Lockheed’s Joint Strike Fighter: Are you paying too much for your fighter jet?

High Price tag: The F-35 Joint Strike Fighter, unveiled at a ceremony in Washington, is part of the most expensive weapon program in history. Photo: APBy Dawn Swearingin, Rohan Verma, Jameson Neuhoff, Travis Wattles, Priyanka Jain and Wei Zheng

One of the few positive outcomes of the current financial crisis is the emergence of taxpayers as informed stakeholders in the activities of government. The U.S government, mindful of this development, is conceivably more cautious when allocating funds to its different departments. One exception is the Department of Defense, which has consistently seen on average a rise of 5 percent in its budget allocation throughout the last decade, whereas most other departments have faced major reductions.

This is partly understandable due to the geo-political scenarios in Iraq, Afghanistan and North Korea. As this is a matter of national security, it does provide a plausible explanation of why it has not attracted the wrath of taxpayers and media activists yet. But, have you ever wondered whether this increased allocation is justified on the basis of national security alone, or are there glaring inefficiencies in the Department of Defense that drive up project costs and timelines?

We went ahead and interviewed one of the Procurement and Contract Specialist for OEMs such as Lockheed Martin in order to investigate this further. He mentions that “there are many pros and cons to being contracted by Lockheed Martin. Being contracted by Lockheed Martin is essentially being contracted directly by the government.” While it does guarantee a long steady stream of demand for your products, it also exposes you to unreasonable DoD mandates concerning the project timelines, costs and getting selected to be on the ASL (Approved Supplier List).

Once the bid from the potential supplier is sent in, they have to wait for a decision from Lockheed Martin. The Request for Proposal bids are reviewed by Lockheed Martin to see which potential supplier is the best fit for the project. Lockheed then selects ten to fifteen different suppliers that can produce the product at the rate demanded. This list is then sent to the DoD for Approval. Once DoD approves the suppliers, then they become a part of ASL and Lockheed can only do business with those suppliers that are on the ASL. The pressure placed on the potential supplier is that by government regulations the lowest “applicable” bidder will be awarded the contract. Many potential contractors know though that the lower they can bid on a Request for Proposal, the more likely that it is that they will be awarded the contract. They also are aware from past experiences that when an awarding date is revised more than once, then prices have changed too much for them to complete the delivery of the product within their stated budget. When this timeline does pass, the bidding process will be started again from the beginning with the same ten to fifteen suppliers.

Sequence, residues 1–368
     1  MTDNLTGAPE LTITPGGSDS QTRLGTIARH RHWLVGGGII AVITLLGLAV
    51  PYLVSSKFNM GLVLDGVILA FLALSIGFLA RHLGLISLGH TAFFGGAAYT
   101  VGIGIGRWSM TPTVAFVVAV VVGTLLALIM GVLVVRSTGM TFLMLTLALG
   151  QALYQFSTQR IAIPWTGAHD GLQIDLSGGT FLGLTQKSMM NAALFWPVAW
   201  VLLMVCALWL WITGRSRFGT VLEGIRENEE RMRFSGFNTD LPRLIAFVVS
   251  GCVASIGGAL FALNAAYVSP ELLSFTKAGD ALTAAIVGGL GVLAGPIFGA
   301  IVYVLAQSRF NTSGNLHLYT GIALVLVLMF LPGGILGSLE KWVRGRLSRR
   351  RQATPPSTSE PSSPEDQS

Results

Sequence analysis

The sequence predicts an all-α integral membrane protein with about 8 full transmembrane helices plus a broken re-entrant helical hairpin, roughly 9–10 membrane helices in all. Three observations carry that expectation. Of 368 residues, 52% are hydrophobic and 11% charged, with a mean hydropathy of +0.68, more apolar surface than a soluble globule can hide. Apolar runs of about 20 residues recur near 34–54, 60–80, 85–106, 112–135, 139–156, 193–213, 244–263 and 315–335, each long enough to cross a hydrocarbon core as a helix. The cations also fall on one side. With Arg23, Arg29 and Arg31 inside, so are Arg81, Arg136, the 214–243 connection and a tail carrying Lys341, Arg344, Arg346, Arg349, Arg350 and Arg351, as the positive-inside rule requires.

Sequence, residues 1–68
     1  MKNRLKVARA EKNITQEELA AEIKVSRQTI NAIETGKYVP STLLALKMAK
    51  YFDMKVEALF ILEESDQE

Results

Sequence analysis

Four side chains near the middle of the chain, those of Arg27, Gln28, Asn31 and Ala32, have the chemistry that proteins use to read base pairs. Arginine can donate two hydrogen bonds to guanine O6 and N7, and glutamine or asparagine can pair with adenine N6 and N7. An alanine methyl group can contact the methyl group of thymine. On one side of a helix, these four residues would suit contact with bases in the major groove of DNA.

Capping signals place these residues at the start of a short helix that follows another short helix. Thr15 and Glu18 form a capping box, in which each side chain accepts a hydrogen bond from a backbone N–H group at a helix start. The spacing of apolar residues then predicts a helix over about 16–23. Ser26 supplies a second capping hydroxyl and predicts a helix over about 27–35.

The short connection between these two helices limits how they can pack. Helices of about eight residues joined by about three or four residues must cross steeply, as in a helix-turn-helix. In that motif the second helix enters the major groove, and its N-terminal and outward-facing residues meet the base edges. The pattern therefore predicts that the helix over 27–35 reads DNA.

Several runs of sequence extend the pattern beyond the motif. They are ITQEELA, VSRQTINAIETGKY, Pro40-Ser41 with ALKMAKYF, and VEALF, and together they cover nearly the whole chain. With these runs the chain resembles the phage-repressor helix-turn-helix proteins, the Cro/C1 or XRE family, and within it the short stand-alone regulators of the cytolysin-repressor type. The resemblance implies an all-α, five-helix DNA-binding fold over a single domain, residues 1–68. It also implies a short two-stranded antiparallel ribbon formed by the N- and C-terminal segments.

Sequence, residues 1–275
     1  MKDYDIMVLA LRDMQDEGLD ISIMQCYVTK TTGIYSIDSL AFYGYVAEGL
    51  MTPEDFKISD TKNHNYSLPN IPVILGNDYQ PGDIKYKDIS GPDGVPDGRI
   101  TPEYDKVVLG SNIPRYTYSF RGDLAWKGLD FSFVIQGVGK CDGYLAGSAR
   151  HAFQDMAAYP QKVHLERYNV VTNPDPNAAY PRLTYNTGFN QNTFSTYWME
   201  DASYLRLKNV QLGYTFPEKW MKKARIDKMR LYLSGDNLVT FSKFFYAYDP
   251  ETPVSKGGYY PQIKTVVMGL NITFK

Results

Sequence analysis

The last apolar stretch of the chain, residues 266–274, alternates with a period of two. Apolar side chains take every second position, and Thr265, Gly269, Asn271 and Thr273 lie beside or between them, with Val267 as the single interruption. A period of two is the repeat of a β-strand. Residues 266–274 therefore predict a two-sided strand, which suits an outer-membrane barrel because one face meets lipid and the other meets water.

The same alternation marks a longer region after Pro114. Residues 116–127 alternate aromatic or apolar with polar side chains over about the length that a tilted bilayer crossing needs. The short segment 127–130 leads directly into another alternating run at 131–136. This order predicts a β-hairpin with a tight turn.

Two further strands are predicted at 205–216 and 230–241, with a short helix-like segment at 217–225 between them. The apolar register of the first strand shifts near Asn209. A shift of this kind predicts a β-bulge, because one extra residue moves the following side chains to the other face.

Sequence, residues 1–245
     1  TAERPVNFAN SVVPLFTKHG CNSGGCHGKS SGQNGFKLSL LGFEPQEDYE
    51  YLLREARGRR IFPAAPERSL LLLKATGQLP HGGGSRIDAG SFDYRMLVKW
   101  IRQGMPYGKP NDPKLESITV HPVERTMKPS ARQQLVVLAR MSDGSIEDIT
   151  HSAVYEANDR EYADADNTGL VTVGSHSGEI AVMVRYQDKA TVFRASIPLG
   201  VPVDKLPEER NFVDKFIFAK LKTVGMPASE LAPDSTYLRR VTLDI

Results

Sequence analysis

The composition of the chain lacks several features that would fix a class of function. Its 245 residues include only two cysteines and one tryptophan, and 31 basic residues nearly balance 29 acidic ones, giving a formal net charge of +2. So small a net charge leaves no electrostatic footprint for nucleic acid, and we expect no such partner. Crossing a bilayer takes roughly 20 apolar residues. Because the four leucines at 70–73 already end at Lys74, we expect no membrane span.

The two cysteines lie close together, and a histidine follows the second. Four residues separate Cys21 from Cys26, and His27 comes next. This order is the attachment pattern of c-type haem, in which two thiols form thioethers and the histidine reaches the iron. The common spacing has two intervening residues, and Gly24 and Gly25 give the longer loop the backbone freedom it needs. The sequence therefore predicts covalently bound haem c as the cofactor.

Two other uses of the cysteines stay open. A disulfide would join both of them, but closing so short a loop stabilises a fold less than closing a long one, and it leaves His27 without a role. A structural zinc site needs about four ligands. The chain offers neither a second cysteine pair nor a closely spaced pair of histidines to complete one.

In a Bush Administration effort to cut costs and stimulate the economy through job creation, the DoD looked to Job Shops. OEMs such as Lockheed Martin were told by the DoD they needed to start using smaller suppliers known as “Job Shops.” The Government believed that the OEMs and Tier Suppliers were exploiting them; charging too much and taking too long to deliver, and thought using Job Shops would be an easy and effective way to accomplish both the goals.

The problem with sourcing from job shops is that they are 1) small 2) unsophisticated and 3) for the most part, inexperienced with working on platform contracts that can last over a decade. In an attempt to “win” a bid, many of these Job Shops had underbid their priceand underestimated the cost, time and effort it would take to deliver on such a huge project.